The last 12 months have been sort of a dampener for the crypto markets in general, globally. In India, it's been a double whammy because of the [crypto] markets fall. The second is the entire FTX collapse, and the higher taxes imposed in India, which led to a dip in trading volumes. WazirX was never funded; from day one, we've always been self-funded and profitable. We wanted to make sure that we got on the path of profitability. So that's what we quickly did: We reduced the team size and ensured trimming costs. Then the whole Anti-Money Laundering (AML) implementation came up.

The next step for us is going to be about how we get into new revenue streams. So, what we're trying to do now is, as an exchange, probably grow from a revenue point of view. What are the other alternative revenue streams that you can bring in, so that even if the times are bad, you can effectively be a well-oiled machine that still generates revenues. So that's the next phase for us, which is getting into revenue generation and understanding what new revenue streams to create.

I'm still involved with WazirX at a strategic level, and I'm trying to help the team if they need it. Unfortunately, we had to lay off some employees, but that's also how the markets have been, not just crypto.

Also Read- After FTX's collapse, there is a need to re-evaluate crypto exchanges

Q. Will WazirX diversify into other businesses?
Yes, but in the whole Web3 crypto space, we're not really thinking about going beyond this. Because we believe this market is just in its initial days… right now it's going to grow, at least in places like India, which will see over 100 million people in crypto for sure in the next three to five years. And we want to make sure we focus on this market and give them what they want. So, we're not trying to go somewhere outside of crypto; that's the realm for us.

Q. WazirX also had to shut down its NFT marketplace, WazirX NFT. Forbes India connected with some of the investors in this marketplace, and they complained about having their money stuck with the company. Is it true?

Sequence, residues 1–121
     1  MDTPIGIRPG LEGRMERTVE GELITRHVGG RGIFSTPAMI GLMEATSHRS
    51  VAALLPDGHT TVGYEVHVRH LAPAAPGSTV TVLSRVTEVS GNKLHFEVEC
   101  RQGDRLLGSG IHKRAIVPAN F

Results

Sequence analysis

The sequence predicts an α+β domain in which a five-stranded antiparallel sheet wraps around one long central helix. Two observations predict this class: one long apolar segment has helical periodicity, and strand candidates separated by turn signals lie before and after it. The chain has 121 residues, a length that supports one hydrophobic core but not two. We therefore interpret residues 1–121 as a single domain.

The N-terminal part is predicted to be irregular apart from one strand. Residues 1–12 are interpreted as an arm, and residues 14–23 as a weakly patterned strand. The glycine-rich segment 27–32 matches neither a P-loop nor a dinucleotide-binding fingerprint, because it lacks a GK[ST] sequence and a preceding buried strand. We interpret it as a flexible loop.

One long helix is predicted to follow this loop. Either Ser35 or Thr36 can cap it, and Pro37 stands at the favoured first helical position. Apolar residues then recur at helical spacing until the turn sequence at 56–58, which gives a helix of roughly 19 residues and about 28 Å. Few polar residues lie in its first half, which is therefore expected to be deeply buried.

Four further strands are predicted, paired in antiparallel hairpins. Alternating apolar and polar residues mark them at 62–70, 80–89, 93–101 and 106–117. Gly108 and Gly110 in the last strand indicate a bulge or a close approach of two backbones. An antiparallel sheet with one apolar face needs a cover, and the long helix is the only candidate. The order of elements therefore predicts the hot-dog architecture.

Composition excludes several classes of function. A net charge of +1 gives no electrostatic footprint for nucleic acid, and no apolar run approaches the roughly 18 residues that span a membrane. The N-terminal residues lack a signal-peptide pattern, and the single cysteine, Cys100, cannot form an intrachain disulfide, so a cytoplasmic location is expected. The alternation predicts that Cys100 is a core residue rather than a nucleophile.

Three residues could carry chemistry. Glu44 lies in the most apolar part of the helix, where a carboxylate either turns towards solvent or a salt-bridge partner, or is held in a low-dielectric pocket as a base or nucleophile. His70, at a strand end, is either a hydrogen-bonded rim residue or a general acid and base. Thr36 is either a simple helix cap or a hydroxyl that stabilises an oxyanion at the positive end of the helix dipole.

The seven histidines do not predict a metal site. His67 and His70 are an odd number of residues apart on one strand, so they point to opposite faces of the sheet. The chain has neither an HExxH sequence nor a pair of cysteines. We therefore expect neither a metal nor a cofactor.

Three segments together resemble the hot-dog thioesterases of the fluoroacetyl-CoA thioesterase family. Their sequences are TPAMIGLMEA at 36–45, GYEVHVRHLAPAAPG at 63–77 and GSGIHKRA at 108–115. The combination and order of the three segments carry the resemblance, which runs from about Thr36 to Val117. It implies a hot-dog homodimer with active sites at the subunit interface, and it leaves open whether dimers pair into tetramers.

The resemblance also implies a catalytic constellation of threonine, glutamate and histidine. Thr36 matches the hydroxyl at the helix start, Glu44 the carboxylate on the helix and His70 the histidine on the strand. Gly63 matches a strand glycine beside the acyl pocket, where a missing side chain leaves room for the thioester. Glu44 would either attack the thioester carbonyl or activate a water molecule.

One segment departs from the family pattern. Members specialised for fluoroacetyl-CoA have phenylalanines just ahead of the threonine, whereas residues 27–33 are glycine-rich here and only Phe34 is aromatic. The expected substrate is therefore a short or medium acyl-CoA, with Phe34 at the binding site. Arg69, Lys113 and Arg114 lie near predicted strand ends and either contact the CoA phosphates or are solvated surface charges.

No, that is not true. The NFT platform was non-custodial, which means we never took custody of either the crypto or the assets. This was one of the first NFT platforms, and a lot of artists created their NFTs and put them on the platform. The unfortunate thing is that the NFT market in India just tanked. We tried our best, but we realised that you can only be there if the market is ready. The NFT market in India is very niche, very small, and very tiny. So, we had to unfortunately sunset the platform, but that affected a lot of people, and especially NFTs. Hopefully, we'll start it again when the market grows to a sizeable size, but not right now. It was just too early.

Also Read- Into the unknown: Why the future of India's crypto ecosystem looks blurred

Q. A lot was expected from the G-20 talks in terms of the direction that crypto regulation could take. Are there any signals? Is there something that makes you positive?
In regulation, it will never be at the pace that you want. And for us, we are very myopic in our view about regulation; let's just bring it in and let it happen. The good thing is that we are making progress, for sure. We’ve progressed a lot from 2017—when we launched the exchange—to where we are today. The TDS should be brought down to 0.01 percent. India is also probably waiting to see how the global laws shape up before it takes a step in that direction. MiCA in Europe is going to come in 2025. There's a framework built in. So that's a good starting point for India and other countries to start looking at frameworks. The US is still discussing issues, but it will take some time. I'm guessing maybe it will be another two to three years for something significant to come up. I'm really hopeful that, over time, we'll have the right regulation.